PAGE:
As mothers we like to be prepared, well, most mothers do anyways. When our children are little we like to make sure that there are ALWAYS plenty of diapers and sippy cups in the diaper bag, and of course an extra change of clothing for your preschooler in case he has an accident. You know that on the days you ultimately forget to put in extra’s, is the days you need them. Never any other time when you are prepared, always just that ONE day you spaced it. It’s some sort of “cosmic” rule, if you are prepared you wont need it, but if you try and cut corners to save time, or effort you will ultimately need it.
Makes sense that this is the same philosophy that a mommy who is also a College student will use. To always be prepared and proactive about things. After all, we are already busy being mothers, and wives, now we are adding the responsibility of college in the mix. How do you “balance” it all is a harsh reality for some. Some decide to give up, while others wait until their children are in school themselves.
I didn’t want to wait that long, one reason is because I want to be completely done with MY education once my children are school age, that way I can be the “involved” PTA, Football, Band, etc Mommy that I have always pictured myself being. I want to have my career set in motion when they start school so I can get off work in time to pick them up from school, and HELP them succeed in their education, and extra circulars. For me the only way to do this is, to finish my education while they are still little’s. This leads to MANY sleep deprived nights, but hey, I’m going to be up breast feeding an infant, and checking on my potty training toddler, and making sure my potty trained preschooler got up to go potty anyways, why not do something productive during that time, say like read a chapter or two from my homework?
The BIGGEST complaint I hear often from women who wear the multiple hats of wife, mother, and student is, they can’t fit in the time. I’ll agree, it’s hard when you have split priorities. Don’t let anyone fool you, it is a split on priorities. At times it does feel like I’m in the middle of the fight of two best friends from my favorite drama tv show, Grey’s Anatomy. To be completely honest, I whole hardheartedly agree with both Dr. Christina Yang, and Dr. Meredith Grey; although they oppose each others point of views. How do you balance it? How do you get to have your cake and eat it too? I guess this is where I tend to side with Dr Grey more on the issue. Sure, I may wear the hat of mommy, but that doesn’t mean I’m ANY less qualified for my dreams, or making said dreams come to reality. In fact, my children MAKE me that much more determined to get those dreams in hand. Slowly, yes slowly, but surely, these dreams are coming to be more tangible day by day. I’ve already accomplished two this past year alone! Finish my degree at the CC, and get into my first SOLO show! This is the momentum that is lighting my way!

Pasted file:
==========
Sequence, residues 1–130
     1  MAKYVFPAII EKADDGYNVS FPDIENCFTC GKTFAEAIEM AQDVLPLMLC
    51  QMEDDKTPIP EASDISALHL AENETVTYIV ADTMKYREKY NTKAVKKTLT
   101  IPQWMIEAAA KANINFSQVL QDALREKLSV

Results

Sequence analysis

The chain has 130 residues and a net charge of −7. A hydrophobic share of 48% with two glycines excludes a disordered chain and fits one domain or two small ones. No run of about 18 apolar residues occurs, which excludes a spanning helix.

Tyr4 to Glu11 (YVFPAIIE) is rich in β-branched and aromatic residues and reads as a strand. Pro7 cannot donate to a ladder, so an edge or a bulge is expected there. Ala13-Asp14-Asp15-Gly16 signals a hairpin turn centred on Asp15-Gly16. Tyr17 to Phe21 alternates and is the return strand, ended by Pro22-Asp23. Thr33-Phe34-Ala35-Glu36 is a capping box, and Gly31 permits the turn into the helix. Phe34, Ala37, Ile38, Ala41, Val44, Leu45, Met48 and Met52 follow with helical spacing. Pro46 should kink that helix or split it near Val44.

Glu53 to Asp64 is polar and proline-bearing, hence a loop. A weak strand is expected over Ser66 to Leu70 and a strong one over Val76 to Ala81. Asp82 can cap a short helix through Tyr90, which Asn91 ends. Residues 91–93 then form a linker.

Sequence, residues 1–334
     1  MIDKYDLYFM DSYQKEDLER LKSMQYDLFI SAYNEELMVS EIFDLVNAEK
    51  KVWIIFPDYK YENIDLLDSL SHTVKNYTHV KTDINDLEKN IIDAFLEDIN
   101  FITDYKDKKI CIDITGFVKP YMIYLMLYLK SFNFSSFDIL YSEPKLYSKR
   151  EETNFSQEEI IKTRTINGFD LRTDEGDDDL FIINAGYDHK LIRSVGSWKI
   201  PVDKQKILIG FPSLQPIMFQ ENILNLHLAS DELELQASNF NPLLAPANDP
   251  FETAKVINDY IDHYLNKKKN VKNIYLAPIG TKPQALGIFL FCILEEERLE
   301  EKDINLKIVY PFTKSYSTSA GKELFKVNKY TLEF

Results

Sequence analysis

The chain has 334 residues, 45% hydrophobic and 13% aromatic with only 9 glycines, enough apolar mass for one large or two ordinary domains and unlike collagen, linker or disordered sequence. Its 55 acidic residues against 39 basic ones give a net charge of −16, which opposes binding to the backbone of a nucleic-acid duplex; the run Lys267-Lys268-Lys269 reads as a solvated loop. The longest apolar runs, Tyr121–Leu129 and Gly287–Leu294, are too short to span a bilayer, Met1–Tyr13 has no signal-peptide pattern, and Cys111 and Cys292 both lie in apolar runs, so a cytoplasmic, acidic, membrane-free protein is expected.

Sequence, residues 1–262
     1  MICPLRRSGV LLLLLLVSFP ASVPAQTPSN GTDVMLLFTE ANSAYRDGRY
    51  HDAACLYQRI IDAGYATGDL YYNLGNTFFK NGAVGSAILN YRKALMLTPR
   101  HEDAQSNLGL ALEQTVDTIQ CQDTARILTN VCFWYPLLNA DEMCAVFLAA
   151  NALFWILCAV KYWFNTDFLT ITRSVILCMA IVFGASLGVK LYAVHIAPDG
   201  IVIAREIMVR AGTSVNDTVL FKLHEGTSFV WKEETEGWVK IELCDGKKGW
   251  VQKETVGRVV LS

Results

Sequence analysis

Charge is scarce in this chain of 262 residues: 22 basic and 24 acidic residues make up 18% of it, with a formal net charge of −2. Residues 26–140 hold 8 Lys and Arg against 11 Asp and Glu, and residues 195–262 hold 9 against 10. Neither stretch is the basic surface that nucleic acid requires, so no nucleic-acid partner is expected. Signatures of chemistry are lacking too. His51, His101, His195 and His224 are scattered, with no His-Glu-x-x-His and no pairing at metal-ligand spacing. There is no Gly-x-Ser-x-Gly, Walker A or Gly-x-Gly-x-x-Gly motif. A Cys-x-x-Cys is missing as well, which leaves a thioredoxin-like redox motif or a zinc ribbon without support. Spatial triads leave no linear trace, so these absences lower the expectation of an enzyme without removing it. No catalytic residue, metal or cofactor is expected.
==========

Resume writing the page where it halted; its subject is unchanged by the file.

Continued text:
So, HOW do I do it? Simple really, on the first day of classes, I take every class syllabus along with my student day planner and I plug and chug in due dates for assignments, tests, quizes, and projects. Then I determine WHAT DAY I will be devoted to that class for course work and homework. Much like what I do with my housework. Below is an example:
Monday’s: Clean the Kitchen, Global Sociology Class Coursework/Homework.
Tuesday’s: Clean the bathrooms, Media Psychology Coursework/Homework.
Wednesday’s: Clean Living room, Journalism Coursework/Homework.
Thursday’s: Clean bedrooms upstairs, Spanish Coursework/Homework.
Friday’s: Laundry (if it’s already done I do towels, blankets, sheets, linen, etc.) History Coursework/Homework.
Saturday’s: Special projects, catchup or get ahead in any class. (Monthly deep cleaning chores, once a month).
Sunday’s: Church, Back yard/front yard, catchup or get ahead in any class.
I started the Queen of Clean’s daily cleaning routine, and it has cut down on the amount of housework I have to do, the only things I do daily is clean the dishes as I go as I’m still cooking and immediately after we eat, and take the garbage out. The kids help with their chores like picking up their rooms, make their beds, and clean up their play area before nap/bed time every day. I only spend a total of 30 mins cleaning a day! Which means MORE time with the kiddios and doing coursework/homework. I figured out that this SAME sort of routine HELPS me stay on top of my college coursework/homework.